Welcome to Crocodile Isle. A spooky and threatening track that plays in the awesome Donkey Kong Country 2 as you enter the Kremlings island to rescue Donkey Kong.
And the GB version of the above from Donkey Kong Land 2. Not quite subtle, but still pretty epic.
Stickerbush Symphony, a trance-like soothing techno track that is often voted one of the best video game songs of all time.
Of course, if you hate the Stickerbush levels with a passion that borders on sociopathic obsession, then Stickerbush Symphony is enough to send you into fits of rage at the memories of dying over 30 times. Others may find the music being the only thing keeping them from breaking their controllers and TVs on those stages due to how calm, mellow, and soothing the track is due to it playing on such difficult types of stages.
Sadly, "Disco Train" is pretty much always drowned out in-game by the fireworks and rail screech effects in the levels where it's played, to the point that the kick-assery of the tune can only be appreciated via the OST.
There's also the rockin' Monkey Mountain theme, which goes high and low and all over. Dah dah dahdahdah, deerrr ner ner ner...
For more awesome original tracks created specifically for new types of level Archetypes exclusive to the first Donkey Kong Land, there is the music for the Cloud Levels, showing that the first Donkey Kong Land can stand on its own in greatness, both in its originality department in its new type of levels as well as its own original music, and showing that it's not just some watered down port of the first SNES game in the series with weak 8-bit music tracks from DKC 1.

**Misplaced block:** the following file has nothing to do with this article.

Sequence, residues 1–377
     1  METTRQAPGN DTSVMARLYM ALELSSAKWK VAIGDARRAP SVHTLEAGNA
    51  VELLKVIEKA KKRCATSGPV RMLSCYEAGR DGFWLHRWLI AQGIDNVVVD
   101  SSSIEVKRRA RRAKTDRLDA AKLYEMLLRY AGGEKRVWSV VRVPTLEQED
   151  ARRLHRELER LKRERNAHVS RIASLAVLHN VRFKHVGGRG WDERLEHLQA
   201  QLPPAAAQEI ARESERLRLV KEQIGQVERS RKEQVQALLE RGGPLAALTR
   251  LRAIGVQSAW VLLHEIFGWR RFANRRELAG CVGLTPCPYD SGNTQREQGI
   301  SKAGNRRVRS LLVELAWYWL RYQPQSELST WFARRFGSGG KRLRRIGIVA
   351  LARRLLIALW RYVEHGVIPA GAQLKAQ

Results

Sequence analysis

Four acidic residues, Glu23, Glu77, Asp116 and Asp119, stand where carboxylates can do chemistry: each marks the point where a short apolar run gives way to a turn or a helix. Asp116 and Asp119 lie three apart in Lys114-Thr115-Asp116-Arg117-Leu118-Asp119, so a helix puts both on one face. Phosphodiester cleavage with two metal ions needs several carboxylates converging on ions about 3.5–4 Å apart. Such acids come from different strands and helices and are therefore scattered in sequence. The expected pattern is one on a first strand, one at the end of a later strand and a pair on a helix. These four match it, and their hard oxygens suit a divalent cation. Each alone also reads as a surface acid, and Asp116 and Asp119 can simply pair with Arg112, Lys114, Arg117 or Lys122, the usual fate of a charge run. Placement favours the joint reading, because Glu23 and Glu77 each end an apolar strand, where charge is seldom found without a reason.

The 8-bit remix of 3's"Enchanted Riverbank." It puts more emphasis on the melody, and really lets it shine through.
The chiptune version of Lockjaw's Saga somehow manages to sound as epic as the SNES version.
The Boss music is pure, gratuitous awesome. Think of all the rock bands which just can't approach this kind of catchy.
The Donkey Kong Land 2 version of Donkey Kong Rescued arguably surpasses its 16-bit counterpart.
Another great 16-bit to 8-bit conversion in the second Donkey Kong Land is its version of Stickerbrush Symphony. For as hard a time Grant Kirkhope had creating this soundtrack (the first video game he ever composed for) - he has admitted he nearly quit (thankfully he didn't) - he did an awesome job considering the limited hardware he had to work with.
Donkey Kong Land's Temple Theme. Very different from its counterpart and just as good.
Trivia: "Jungle Japes" as a title has by and large supplanted "DK Island Swing" as the title of the song. This version of the music is especially fun due to the song having layers of Banjo-Kazooie awesome.
The Boss Remix belongs to one Army Dillo, who was also the Crystal Caverns boss after some cybernetic enhancement.
Even though Kenji Yamamoto of the Metroid Prime series is the new composer and there are mostly remixes, that doesn't make the music any less awesome. One such theme is Mine Menace/The Rocket-Barrel stages.
Special mention should go to the remixes of Northern Hemisphere and Life in the Mines, for their effective remixing to fit their new settings: a desolate cliff side and factory basement, respectively.
Tidal Terror (which is another remix of Northern Hemispheres). You can really hear the influence of Metroid Prime here.
Although each and every mine cart stage contains its own unique cover of "Mine Cart Madness" from the original DKC, "Rickety Rails" is the only one to feature an entirely new arrangement of the piece. And IT. IS.AWESOME.